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April 22, 2016
Image above: “The experiments need to speak a common language and also to speak the same language as the theorists”, explains Chiara Mariotti, an experimental physicist at the CMS experiment. Image Credit: CERN.
Over the last century, fundamental physics has undergone a change of scale. To push forward the knowledge of the infinitely small, physicists have been using increasingly sophisticated tools and have formed larger and larger collaborations. The scientists of old, who divided their time between their blackboards and their own small laboratories, have been succeeded by a myriad of specialists. Theorists are no longer experimental physicists, and vice versa.
“100 years ago, no distinction was made between theoretical and experimental physicists. Enrico Fermi was both a genius of theory and an exceptional experimentalist”, says Christophe Grojean, a theorist at DESY who collaborates with the experimental physicists working on the Large Hadron Collider (LHC). ”Today, experimental physics involves such sophisticated technology, and theory requires such a deep knowledge of mathematics, that it’s virtually impossible for one person to cover everything”.
Today, a physicist can be anything from a theorist whose work is far removed from experimental observations to an experimentalist doing R&D on detector components. In the middle of this broad spectrum of specialisations, theoretical and experimental physicists work alongside each other in close collaboration.
“I’m interested in physics theories beyond the Standard Model that can be tested. If I’ve got an idea, I want it to be used to interpret data. I don’t like speculating just for the sake of it” – John Ellis of King’s College London, who has worked at CERN since 1973.
… the theorist or the experimentalist?
Be that as it may, yesterday’s scientists and today’s physicists all have one thing in common: the thirst for a result or, even better, a discovery. The only difference is that they are now divided into two big communities, the theorists and the experimentalists. With which group does the initiative lie? Are the experimentalists dependent on the theorists’ predictions for their discoveries or, on the contrary, do the theorists rely on the experimentalists’ data to improve their models?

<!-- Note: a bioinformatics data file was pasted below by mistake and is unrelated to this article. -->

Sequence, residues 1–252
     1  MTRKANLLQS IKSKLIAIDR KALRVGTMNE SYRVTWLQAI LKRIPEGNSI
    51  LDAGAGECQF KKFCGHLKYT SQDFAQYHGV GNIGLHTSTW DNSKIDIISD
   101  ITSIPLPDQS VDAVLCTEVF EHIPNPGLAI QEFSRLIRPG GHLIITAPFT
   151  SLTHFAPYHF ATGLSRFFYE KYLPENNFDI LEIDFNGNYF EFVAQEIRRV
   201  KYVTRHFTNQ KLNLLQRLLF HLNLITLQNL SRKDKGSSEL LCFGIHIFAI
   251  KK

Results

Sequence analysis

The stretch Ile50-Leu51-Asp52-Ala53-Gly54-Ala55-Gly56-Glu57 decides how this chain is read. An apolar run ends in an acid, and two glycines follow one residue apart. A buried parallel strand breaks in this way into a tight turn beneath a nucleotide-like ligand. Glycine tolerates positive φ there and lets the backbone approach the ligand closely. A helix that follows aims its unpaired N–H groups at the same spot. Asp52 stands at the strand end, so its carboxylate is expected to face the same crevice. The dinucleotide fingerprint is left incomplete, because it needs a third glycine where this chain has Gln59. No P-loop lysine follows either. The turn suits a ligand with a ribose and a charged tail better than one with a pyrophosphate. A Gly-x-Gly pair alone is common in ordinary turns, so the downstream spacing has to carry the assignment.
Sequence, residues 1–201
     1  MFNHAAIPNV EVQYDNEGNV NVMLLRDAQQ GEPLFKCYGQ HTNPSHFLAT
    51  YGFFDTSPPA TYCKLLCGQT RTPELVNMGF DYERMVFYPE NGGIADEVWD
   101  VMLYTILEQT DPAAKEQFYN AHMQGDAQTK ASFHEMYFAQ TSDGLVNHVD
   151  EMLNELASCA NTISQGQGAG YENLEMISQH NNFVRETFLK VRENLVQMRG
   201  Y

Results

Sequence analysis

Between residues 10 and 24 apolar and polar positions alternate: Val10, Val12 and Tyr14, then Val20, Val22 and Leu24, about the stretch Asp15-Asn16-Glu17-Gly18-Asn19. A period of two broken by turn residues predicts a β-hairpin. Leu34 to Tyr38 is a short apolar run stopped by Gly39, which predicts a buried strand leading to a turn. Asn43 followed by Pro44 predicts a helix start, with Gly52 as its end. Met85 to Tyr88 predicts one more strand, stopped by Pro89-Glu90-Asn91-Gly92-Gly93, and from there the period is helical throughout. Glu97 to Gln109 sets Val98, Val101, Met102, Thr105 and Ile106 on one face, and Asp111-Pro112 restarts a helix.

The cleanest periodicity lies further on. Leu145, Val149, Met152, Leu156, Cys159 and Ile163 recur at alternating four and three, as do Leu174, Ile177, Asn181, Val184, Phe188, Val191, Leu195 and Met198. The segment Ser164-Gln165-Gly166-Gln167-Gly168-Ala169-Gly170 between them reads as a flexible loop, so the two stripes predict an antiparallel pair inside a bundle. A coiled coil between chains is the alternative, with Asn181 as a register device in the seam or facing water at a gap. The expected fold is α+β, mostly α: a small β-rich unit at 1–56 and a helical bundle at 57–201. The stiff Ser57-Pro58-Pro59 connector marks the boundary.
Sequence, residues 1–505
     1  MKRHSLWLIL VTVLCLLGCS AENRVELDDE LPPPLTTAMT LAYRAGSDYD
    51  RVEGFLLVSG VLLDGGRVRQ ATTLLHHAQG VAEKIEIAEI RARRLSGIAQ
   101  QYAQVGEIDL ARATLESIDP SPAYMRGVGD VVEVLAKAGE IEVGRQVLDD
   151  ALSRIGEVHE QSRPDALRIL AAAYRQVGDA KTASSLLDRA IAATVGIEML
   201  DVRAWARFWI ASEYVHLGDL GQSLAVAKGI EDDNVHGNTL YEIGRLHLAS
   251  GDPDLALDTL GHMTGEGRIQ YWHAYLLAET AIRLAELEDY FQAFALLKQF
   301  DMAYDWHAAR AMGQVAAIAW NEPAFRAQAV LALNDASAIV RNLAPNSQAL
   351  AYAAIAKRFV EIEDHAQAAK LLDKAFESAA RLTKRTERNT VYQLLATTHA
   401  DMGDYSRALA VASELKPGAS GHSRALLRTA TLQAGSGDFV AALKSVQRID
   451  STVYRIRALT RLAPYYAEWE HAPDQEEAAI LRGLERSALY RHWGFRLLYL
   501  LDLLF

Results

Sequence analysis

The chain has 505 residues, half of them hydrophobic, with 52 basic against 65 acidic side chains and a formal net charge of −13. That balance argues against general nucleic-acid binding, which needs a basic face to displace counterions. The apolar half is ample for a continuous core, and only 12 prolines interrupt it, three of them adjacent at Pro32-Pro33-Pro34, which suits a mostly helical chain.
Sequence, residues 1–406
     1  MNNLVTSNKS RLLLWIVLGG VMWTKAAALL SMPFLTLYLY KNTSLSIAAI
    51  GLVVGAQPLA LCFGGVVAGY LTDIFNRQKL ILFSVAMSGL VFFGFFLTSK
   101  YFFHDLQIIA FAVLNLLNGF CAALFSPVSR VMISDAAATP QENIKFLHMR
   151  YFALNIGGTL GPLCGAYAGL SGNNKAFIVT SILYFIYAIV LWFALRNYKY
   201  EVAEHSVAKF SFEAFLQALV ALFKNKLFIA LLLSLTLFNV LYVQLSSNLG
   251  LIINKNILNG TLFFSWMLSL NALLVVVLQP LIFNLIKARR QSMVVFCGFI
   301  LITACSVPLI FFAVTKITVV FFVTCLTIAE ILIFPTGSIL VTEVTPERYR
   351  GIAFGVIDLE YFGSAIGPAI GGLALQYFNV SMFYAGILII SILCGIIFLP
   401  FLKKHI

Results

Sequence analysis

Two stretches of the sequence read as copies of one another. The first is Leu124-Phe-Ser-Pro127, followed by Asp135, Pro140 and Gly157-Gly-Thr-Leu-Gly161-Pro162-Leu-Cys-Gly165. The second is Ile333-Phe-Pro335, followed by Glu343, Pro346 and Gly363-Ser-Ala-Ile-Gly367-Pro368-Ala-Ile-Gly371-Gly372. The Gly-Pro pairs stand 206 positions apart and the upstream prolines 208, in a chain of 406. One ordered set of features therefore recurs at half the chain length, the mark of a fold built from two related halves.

“It’s a bit like the chicken and the egg”, smiles Christophe. But neither theorists nor experimentalists claim to be either the egg or the chicken (not that we really know which came first!). Each relies on the other’s knowledge to advance.
“In an ideal world, experimentalists would be able to understand Nature simply by observing it, but in reality they need the theorists’ input to interpret what they see”, explains Michelangelo Mangano, a theorist at CERN. “Likewise, theorists would love to be able to explain everything without recourse to experiments, finding the theory to rival all others since, in simple terms, Nature could not possibly function any other way. In reality, it’s much more complicated than that. There is always more than one possibility, and the Universe has evolved by taking one of the many paths open to it. This is why theorists also need experimental data to guide them”.
“If we want to understand what we’re measuring, we need a theoretical framework”, adds Chiara Mariotti, an experimental physicist with the CMS experiment at the LHC. "Even if we discover something that the theorists have never predicted, it’s important for us to understand the underlying framework, to have the wider view that the theorists give us”.
Image above: Chiara Mariotti, an experimental physicist with the CMS experiment, and Christophe Grojean, a theoretical physicist working at DESY, are two of the coordinators of the LHC Higgs cross-section working group. The group brings together theoretical and experimental physicists with the aim of agreeing common theoretical predictions as the basis for analysing the data from the experiments. (Image: CERN).
A frenzy of interpretation